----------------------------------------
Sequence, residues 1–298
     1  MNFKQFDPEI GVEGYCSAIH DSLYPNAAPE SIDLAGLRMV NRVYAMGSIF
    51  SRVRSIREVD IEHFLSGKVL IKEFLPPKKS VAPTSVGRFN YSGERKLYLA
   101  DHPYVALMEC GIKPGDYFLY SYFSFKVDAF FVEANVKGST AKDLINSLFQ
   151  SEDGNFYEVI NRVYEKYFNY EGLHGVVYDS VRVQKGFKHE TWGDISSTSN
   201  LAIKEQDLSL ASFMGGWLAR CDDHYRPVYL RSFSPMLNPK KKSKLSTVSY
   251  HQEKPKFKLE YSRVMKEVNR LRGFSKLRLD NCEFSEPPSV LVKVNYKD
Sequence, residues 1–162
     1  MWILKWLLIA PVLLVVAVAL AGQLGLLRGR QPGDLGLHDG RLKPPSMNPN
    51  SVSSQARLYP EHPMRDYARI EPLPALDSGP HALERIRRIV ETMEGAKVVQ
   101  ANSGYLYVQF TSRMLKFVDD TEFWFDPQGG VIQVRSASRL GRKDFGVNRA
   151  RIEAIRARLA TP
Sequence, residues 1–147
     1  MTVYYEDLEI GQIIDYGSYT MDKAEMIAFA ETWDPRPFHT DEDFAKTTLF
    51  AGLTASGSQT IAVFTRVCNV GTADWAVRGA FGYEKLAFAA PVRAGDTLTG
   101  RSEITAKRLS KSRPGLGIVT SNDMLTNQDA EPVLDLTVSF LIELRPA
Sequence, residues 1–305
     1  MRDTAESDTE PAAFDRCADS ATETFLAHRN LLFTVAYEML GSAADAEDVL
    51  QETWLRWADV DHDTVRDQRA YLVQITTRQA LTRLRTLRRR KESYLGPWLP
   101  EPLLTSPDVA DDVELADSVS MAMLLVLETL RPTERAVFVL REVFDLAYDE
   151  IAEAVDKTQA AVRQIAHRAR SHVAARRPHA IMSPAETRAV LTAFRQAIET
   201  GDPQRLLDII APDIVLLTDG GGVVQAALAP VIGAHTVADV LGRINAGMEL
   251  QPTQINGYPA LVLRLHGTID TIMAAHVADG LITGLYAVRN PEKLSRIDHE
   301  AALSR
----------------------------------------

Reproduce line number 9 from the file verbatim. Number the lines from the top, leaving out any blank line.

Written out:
     1  MWILKWLLIA PVLLVVAVAL AGQLGLLRGR QPGDLGLHDG RLKPPSMNPN